State legislative session commences

Senate and House reconvene with three priorities: budget, redistricting, and pandemic


Art by Cade Spencer and Rae Gray

As of Tuesday, Jan. 12, all members of the Texas Congress reconvened remotely or in-person for the 87th Legislative Session.

Cade Spencer, Editor-in-Chief

Just an 18-minute car drive from campus, the Capitol  stands as the center of Texas’ democracy and political establishment. Traditionally, inside the building’s chambers, 181 representatives and legislators make decisions and pass policies that impact all 29 million citizens of the state.

As of Tuesday, Jan. 12, all members of the Texas Congress reconvened remotely or in-person for the 87th Legislative Session.

“Texas is the model for bipartisan cooperation for the rest of the country, whether they realize it or not,” Legislative Director for Democratic House Representative Alex Dominguez, Logan Davidson said. “It is an exciting time to be a Texas Democrat because the appetite for bipartisan action and discussion has probably never been greater.”

According to the Texas Tribune and Davidson, the emphasis on bipartisanship can be attributed to the prevalence of three main legislative priorities that require immediate attention: the budget, redistricting, and COVID-19 response. As of Thursday, Feb. 11, Texas has had a total of 2,534,369 individual COVID-19 cases and 40,340 COVID-19 related deaths.

“I think the State Congress should prioritize COVID-19 right now,” sophomore Marissa Morales said. “Specifically, [they should] focus on vaccine distribution because it is the most pertinent as COVID-19 is at an all time high.”

Extending beyond vaccine distribution, the legislators are tasked with pressing issues related to COVID-19 including: the future and budget of the public education system, and the financial support allotted to the Texas Department of State Health Services.

“Legislators and representatives need to work together and act fast,” Morales said. “Even if they do not agree, they still need to be able to be bipartisan and get stuff done.”

Closely related to COVID-19, another major priority of the session is the state budget. According to the Texas Tribute, Texas Comptroller Glenn Hegar estimates that Texas lawmakers will have $112.5 billion to formulate the general spending budget for the next two years. Currently, legislators have proposed a plan that requires $119.7 billion in funds.

“From the budget perspective, the current proposal exceeds the amount of funds available, so it is about balancing things,” Davidson said. “We are going to have to really read into who needs the funds, such as public education or standing health care.”

The final session priority is redistricting, where lawmakers ensure that state congressional districts are appropriate based on the demographic data collected in the 2020 Census. If there are no delays, the census information should be introduced into the legislature by April 1.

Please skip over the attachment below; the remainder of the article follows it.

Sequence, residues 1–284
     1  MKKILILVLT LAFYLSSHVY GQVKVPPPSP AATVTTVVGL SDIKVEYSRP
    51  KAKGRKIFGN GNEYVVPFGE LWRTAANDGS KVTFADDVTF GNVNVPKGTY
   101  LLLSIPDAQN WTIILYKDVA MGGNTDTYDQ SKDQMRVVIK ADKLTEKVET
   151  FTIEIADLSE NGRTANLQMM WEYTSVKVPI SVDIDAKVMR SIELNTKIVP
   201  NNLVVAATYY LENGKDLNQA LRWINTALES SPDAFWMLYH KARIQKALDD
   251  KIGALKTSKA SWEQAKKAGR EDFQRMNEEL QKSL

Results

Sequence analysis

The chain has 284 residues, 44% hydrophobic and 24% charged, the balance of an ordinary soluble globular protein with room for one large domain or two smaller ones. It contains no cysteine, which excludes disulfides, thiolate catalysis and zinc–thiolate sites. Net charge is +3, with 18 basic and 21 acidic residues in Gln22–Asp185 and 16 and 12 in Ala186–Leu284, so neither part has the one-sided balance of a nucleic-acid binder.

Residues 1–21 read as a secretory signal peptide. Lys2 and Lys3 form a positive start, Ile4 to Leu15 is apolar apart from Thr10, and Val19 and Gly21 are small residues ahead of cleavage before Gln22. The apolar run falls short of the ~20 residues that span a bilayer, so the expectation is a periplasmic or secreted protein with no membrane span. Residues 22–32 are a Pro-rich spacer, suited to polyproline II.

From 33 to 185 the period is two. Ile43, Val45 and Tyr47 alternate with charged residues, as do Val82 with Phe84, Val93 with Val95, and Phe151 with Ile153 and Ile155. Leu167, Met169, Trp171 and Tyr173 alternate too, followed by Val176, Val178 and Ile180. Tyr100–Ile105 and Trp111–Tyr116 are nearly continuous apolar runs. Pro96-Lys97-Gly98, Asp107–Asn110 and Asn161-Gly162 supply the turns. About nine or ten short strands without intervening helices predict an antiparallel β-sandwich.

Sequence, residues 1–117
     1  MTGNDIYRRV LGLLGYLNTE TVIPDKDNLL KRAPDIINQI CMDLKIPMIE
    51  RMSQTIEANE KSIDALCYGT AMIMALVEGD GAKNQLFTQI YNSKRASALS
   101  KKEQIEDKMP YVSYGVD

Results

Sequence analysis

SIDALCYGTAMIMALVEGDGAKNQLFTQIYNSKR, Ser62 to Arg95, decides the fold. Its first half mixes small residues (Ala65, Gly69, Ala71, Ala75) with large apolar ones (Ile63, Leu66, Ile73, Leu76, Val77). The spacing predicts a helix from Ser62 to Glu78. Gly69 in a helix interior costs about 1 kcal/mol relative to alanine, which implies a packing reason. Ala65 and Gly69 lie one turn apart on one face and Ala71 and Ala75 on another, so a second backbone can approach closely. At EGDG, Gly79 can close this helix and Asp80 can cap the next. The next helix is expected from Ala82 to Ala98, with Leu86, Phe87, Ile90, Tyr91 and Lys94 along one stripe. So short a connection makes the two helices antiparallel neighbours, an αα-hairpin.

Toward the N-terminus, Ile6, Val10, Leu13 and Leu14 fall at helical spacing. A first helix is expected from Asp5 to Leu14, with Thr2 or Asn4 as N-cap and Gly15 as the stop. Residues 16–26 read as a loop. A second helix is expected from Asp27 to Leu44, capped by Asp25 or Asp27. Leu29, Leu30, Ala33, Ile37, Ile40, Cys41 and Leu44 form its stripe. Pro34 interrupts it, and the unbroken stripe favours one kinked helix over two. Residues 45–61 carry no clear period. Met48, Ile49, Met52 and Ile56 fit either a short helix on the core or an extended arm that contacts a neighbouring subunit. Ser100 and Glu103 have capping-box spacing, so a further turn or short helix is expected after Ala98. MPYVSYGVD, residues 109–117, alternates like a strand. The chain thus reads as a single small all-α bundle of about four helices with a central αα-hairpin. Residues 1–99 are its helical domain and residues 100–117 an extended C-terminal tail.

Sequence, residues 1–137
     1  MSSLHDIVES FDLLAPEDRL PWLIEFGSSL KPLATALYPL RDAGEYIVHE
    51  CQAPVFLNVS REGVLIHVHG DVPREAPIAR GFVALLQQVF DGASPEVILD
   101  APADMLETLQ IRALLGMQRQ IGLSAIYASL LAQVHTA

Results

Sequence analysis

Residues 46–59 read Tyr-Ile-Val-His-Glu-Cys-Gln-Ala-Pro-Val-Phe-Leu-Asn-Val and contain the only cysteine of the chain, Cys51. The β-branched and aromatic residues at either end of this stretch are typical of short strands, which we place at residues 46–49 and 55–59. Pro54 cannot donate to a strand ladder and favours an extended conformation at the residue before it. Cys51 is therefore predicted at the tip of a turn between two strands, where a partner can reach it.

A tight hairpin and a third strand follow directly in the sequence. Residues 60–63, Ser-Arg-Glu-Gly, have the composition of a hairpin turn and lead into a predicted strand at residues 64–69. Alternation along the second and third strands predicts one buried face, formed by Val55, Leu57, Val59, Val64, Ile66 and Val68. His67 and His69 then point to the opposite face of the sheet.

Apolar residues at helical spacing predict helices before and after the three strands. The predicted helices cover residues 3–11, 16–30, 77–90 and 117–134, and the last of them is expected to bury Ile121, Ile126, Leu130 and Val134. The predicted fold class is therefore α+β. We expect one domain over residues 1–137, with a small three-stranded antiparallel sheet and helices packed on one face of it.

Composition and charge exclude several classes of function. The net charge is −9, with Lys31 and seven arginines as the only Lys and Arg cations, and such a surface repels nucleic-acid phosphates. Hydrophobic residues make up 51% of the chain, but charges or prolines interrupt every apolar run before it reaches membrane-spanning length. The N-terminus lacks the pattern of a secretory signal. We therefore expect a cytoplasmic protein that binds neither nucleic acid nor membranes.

“Redistricting this session is really interesting because in the past, Republicans have used it to draw hard red districts,” Davidson said. “The big issue now in redistricting is if the Republican majority will draw partisan lines or more true demographic districts.”

Beyond the session priorities, 2,838 individual bills have been introduced in either the House of Representatives or the Senate since the session’s initiation. Within the bills are legislation for funds for statewide accessible-for-all playgrounds and reform of the state holiday Confederate Heroes Day.

“There are many significant bills that I am excited to watch this session,” Davidson said. “We are in the middle of a pandemic, and thus, I think we will see major pieces of legislation that deal with the expansion of healthcare access, specifically Medicaid.”

In a poll taken by the Dispatch, 68.2 percent of Bowie students stated that COVID-19 should be the primary focus of the 87th Legislative Session followed by 14.6 percent of students who placed prominence on civil and human rights.

“Beyond COVID-19 and the economy, I think more focus of the Texas state government should be on environmental issues,” senior Reya Lashinger said. “Especially the consideration of transitioning to renewable resources and making initiatives for lower carbon emissions.”

If any additional individual bills are to be introduced, they must meet the deadline for unrestricted filing of bills and joint resolutions of Friday, March 12.

“We have a government of the people, for the people, and by the people,” Davidson said. “It is very important for people to be involved in the state government: contact a representative, advocate, testify, or participate in any way.”

In a poll issued by the Dispatch, students indicated that 50.3 percent of them identified that it is “important and necessary” for students to be aware of and involved in the proceedings of the Texas state legislature while 44.6 percent of students labeled it as “important, not necessary.”

“The state government can attract the involvement of young students through social media platforms and a greater advertisement of their initiatives,” Lashinger said. “They can also address young people as greater stakeholders in the issues presented and consider their viewpoints on these issues.”

As of now, the 87th legislative session will conclude on Monday, May 31.

“Fundamentally, I think anyone who wants to be involved in state government should and can be involved,” Davidson said. “It is important to get involved because you are affected by what happens in the legislature, and it has a personal impact on all of our lives.”